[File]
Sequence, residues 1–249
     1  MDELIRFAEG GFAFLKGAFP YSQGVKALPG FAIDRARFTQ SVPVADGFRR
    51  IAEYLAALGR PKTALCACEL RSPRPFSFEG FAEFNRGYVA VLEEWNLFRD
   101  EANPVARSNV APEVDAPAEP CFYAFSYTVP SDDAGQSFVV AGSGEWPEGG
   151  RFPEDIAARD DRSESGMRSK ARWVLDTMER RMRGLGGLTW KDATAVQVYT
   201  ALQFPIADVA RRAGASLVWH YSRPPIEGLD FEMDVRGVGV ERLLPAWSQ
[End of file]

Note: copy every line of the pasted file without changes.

Sequence, residues 1–249
     1  MDELIRFAEG GFAFLKGAFP YSQGVKALPG FAIDRARFTQ SVPVADGFRR
    51  IAEYLAALGR PKTALCACEL RSPRPFSFEG FAEFNRGYVA VLEEWNLFRD
   101  EANPVARSNV APEVDAPAEP CFYAFSYTVP SDDAGQSFVV AGSGEWPEGG
   151  RFPEDIAARD DRSESGMRSK ARWVLDTMER RMRGLGGLTW KDATAVQVYT
   201  ALQFPIADVA RRAGASLVWH YSRPPIEGLD FEMDVRGVGV ERLLPAWSQ